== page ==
Black suits

I have a friend that loves black suits. Can’t get enough of them. For him, a black suit and a white shirt are the chicest things a man can wear. He is a big fan of Reservoir Dogs, so that might have influence him somewhat, but he still has a point – black and white is the combination of choice for Hollywood stars and fashion designers, everyone from Karl Lagerfeld to Simon Cowell.

Yet I hate black suits. Can’t stand them. When a graduate turns up at an interview in a black suit and a white shirt, no matter what the tie, he looks immature. The outfit looks cheap.

Black suits almost no one. (Sorry for the pun.) Most men’s complexions are washed out by it. They are not high enough contrast. Blue and grey are much kinder, with mid-grey probably being the easiest of all.

And black can look cheap. That’s why navy blue is the smartest option for a suit, and why some men wear midnight blue for evening wear. It looks blacker than black.

So why does black look great on Dolce & Gabbana? Well, for a start they and their Hollywood peers tend to be more tanned or darker skinned, so are better able to pull off the high contrast. But more importantly, those people are often photographed at glamorous occasions.

Usually in the evening, these occasions are about dark backgrounds and bright lights, velvet drapes and sparkling jewellery. They are about high contrast, and the outfits are planned to match. The women just as much as the men would look gaudy and cheap if they wore those outfits in the middle of the day.

This is the foundation behind black tie, traditional men’s evening wear. It is about monotone, contrast and variation only in texture. Subtle changes in colour are lost in those situations, so tone is kept simple and the adventure is in texture – silk and satin, velvet and patent.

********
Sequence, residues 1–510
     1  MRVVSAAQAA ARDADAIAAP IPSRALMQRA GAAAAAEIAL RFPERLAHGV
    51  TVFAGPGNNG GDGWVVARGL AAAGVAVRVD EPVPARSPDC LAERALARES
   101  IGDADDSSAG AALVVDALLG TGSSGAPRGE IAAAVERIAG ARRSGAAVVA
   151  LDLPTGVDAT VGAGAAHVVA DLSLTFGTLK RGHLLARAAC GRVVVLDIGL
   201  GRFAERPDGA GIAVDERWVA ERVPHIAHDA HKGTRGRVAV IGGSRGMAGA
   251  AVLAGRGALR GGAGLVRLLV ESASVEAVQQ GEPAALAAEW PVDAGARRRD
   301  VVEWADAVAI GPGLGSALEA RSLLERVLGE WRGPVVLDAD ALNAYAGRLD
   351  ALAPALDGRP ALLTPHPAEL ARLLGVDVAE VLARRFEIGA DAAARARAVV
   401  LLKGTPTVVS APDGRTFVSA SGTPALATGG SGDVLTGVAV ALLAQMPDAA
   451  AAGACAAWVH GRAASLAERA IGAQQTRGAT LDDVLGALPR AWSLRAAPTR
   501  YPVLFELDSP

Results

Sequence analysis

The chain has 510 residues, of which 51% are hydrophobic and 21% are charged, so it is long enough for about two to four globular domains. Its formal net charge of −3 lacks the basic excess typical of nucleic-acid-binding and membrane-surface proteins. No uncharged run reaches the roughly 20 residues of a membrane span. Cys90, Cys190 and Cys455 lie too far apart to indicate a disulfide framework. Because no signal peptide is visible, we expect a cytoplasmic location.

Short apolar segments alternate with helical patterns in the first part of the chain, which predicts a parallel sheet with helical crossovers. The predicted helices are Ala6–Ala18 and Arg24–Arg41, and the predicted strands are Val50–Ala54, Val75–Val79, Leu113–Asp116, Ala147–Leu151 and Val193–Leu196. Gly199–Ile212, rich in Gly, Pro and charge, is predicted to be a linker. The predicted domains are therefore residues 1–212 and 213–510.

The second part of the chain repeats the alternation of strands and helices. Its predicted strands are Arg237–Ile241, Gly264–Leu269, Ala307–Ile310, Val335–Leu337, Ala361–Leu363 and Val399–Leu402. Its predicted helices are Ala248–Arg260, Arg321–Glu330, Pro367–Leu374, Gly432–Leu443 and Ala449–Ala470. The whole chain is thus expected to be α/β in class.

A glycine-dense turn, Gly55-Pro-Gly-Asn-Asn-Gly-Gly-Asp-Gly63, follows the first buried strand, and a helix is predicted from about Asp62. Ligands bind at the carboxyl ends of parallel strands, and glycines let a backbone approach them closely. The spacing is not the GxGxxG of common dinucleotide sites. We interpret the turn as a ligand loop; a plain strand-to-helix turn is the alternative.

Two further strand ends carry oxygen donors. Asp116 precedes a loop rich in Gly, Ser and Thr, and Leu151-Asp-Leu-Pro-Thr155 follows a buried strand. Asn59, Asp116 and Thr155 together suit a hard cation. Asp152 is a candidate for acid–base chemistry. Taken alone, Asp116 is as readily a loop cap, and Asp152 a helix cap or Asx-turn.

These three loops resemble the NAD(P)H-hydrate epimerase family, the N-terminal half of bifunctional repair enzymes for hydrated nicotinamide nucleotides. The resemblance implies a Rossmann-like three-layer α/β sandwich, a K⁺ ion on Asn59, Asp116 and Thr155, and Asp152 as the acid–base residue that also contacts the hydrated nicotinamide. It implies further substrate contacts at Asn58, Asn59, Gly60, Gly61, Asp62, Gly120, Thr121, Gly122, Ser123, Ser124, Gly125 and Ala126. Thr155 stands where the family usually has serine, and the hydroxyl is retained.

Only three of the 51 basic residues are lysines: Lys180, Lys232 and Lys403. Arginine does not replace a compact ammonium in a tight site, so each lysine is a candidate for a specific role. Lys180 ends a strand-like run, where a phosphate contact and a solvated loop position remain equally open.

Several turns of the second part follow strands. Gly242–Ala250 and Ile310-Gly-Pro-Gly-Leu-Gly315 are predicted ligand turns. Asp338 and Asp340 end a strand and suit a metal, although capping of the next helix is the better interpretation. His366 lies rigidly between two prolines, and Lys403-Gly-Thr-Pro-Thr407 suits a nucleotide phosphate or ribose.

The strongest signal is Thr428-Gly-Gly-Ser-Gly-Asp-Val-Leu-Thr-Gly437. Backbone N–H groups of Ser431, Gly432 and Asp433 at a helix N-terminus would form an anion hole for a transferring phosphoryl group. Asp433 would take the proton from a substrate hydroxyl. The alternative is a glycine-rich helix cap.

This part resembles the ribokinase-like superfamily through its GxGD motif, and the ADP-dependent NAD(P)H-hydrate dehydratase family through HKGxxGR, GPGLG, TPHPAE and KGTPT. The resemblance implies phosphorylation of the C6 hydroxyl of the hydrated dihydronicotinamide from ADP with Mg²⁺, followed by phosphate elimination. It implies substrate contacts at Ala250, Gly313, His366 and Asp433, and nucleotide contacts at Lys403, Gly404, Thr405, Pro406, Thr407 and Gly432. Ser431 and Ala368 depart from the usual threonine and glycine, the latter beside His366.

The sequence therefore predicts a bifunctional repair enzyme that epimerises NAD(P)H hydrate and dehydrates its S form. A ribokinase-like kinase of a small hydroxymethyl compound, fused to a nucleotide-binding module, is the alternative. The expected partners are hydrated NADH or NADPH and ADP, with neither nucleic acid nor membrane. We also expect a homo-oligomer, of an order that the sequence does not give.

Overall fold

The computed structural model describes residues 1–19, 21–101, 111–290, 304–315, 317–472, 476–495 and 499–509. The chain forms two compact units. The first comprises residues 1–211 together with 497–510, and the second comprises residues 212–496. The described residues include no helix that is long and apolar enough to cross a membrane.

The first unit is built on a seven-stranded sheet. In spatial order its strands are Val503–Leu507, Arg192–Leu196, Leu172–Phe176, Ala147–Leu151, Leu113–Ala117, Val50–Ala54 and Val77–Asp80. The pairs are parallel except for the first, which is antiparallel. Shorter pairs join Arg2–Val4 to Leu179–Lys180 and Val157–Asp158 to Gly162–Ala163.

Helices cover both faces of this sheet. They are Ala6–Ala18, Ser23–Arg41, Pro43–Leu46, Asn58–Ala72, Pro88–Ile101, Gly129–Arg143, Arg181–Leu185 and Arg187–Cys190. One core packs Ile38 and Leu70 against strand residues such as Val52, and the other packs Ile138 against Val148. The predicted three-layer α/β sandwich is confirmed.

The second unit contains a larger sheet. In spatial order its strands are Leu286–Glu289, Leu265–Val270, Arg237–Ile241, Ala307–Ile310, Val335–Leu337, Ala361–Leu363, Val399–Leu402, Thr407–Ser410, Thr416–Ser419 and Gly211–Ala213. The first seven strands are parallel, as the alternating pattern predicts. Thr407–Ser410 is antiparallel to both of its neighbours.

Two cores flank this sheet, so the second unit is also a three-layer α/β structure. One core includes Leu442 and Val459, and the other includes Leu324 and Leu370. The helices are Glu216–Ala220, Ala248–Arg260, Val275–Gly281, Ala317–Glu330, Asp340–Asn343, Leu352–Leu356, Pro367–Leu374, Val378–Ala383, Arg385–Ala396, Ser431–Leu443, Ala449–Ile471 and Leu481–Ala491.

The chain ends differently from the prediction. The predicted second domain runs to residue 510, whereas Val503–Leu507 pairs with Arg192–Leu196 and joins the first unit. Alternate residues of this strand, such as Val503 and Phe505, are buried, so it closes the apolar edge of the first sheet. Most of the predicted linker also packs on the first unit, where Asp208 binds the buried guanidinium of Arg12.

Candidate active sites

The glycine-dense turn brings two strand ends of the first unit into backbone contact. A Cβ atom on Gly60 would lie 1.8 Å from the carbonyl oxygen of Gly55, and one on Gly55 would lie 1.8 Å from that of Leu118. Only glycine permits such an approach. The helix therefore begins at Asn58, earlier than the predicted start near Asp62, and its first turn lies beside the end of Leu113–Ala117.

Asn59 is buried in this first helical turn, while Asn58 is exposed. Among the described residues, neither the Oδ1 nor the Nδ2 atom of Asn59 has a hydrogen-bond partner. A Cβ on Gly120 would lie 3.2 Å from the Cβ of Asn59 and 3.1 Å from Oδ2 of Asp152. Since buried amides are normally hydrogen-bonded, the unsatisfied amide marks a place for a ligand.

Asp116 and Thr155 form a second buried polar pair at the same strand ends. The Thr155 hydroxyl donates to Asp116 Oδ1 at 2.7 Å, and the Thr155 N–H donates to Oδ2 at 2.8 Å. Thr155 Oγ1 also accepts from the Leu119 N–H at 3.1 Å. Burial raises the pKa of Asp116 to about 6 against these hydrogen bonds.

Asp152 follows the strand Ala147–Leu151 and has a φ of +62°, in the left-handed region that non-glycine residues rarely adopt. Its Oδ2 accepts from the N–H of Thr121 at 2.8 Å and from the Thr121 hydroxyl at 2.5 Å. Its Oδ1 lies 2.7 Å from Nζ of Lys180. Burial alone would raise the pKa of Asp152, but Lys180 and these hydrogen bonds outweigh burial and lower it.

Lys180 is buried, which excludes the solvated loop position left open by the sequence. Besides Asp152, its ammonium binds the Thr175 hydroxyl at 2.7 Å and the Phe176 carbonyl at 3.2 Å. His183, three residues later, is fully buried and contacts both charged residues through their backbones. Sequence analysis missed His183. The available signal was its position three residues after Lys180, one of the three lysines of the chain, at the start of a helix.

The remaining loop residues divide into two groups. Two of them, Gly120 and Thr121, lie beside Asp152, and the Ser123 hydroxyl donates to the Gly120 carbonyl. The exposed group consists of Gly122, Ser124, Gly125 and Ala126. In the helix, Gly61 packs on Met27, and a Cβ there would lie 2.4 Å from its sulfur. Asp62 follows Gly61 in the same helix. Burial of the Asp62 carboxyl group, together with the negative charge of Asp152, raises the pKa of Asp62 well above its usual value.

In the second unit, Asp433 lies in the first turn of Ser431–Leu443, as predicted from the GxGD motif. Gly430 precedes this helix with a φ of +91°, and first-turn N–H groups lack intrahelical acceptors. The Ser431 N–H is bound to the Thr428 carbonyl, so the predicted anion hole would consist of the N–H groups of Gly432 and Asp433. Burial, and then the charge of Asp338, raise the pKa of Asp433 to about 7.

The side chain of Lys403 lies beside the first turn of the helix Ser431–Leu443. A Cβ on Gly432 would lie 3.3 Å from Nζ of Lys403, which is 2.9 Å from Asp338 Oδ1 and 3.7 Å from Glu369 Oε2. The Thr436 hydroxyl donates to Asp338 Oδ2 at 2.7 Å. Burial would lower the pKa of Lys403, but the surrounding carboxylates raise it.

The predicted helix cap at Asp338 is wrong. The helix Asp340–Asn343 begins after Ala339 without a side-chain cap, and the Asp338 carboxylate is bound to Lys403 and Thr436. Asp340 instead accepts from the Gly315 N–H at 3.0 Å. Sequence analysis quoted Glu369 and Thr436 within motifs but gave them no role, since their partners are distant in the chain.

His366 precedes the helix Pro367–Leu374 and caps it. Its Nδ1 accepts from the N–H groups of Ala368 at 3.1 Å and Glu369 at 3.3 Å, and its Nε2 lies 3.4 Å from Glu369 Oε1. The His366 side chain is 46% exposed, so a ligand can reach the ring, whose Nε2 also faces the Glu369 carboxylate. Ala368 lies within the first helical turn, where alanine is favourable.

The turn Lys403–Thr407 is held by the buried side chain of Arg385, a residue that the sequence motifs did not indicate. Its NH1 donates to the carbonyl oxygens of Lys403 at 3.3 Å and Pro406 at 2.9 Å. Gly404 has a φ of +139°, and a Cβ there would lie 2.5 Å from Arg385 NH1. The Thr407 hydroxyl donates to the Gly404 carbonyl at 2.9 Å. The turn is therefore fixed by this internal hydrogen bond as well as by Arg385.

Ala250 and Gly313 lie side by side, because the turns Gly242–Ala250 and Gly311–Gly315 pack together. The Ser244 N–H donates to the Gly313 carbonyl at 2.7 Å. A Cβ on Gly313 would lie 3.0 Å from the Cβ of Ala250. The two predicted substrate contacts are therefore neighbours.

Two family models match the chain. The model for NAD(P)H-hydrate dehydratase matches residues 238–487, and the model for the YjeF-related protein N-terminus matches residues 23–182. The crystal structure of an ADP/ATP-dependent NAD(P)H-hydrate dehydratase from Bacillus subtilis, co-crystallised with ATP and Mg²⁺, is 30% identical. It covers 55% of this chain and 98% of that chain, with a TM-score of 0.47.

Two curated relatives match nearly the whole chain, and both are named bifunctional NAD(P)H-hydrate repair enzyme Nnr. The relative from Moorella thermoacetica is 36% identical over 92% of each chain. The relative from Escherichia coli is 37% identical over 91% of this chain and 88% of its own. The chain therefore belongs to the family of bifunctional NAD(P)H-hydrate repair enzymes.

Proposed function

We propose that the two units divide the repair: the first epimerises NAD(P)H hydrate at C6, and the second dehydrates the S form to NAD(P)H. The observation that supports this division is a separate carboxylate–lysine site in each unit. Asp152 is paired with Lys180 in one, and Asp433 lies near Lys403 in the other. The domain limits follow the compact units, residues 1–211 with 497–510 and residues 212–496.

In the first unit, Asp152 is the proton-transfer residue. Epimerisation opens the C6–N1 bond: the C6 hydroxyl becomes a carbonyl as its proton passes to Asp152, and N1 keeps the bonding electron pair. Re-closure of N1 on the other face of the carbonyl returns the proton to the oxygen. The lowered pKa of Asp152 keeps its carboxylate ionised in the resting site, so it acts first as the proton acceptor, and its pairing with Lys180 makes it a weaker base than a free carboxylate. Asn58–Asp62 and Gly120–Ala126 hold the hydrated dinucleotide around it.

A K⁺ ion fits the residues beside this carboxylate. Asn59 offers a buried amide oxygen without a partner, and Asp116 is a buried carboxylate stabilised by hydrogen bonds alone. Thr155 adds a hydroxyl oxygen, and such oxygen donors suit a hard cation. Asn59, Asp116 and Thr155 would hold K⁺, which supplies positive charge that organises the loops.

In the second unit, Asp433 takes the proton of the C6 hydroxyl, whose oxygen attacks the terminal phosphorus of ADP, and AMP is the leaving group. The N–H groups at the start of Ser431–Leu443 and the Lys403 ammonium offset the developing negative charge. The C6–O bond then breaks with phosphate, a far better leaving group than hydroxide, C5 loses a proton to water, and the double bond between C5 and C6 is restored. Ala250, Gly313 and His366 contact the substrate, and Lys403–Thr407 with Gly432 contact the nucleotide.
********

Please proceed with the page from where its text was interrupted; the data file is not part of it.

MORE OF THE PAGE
Even when designers or film stars are not at an evening function, they are associated with glamour. Indeed, the very fact that you have seen them probably means they have been photographed – and long-range photography isn’t much good at picking up the subtleties of Glen check or harmonised colours.

Black suits with white shirts look cool because of their associations. And they can look good on you at an evening event – as a cocktail suit, for example. (Mohair suits similarly.) Just don’t wear them for business.

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I’m a huge fan of your blog. I have one question and I’m pretty sure it’s never been addressed by you. I usually buy my dress shirts off the rack. The problem is I am very thin and the shirts tend to look ridiculous on me, especially around the waist area. I have read that some men get darts put into their dress shirts in order to slim them down. But I’ve also read that this ruins the line of the shirt. Do you have any advice for me in this area? Any help would be greatly appreciated.


Amen! I can’t stand black suits too, and feel sorry for the fashion victims that own and wear them.

If you’re stuck with one (or, heavens forfend, more), you can always wear them when you go out at night. Paired with a white shirt, it is the modern semi-equivalent of black tie.

Miss Kin

I believe that depends on the fabric that the suit is made off, there’s no way that a black suit looks cheap if the fabric is excelent.
However, I concur with you when you say that black suits are night suits.

ps. I really like to see a tall skinny guy in a black suit…

A Super Dilettante

Thank you so much for this informative post. It answered all my questions about black and white conundrum. Another place you would see a lot of people where black and white is a place where the art curators meet. Dark glasses, dark shoes, black dress, black suits, black shoes and more black and black – one might as well go and look at Malevich’s black square. Isn’t it odd that people like curators or fashion designers who should appreciate more colours – but everytime I’ve been to exhibition previews and fashion shows, everyone wears black and white! They said black and white make them look Parisians – very lazy Parisians in that case who don’t want to make any effort in clothes.


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Raj Vora

Every professional man should read this article.

Alexandru Serban

I disagree with you. Is true black is not high in contrast but is a non-color so should normally be this way. And if you want a business outfit you don’t wear a white shirt. There are a lot of yellow/blue 0 shirt/tie combinations to go with or pale pink shirt/grey tie, etc..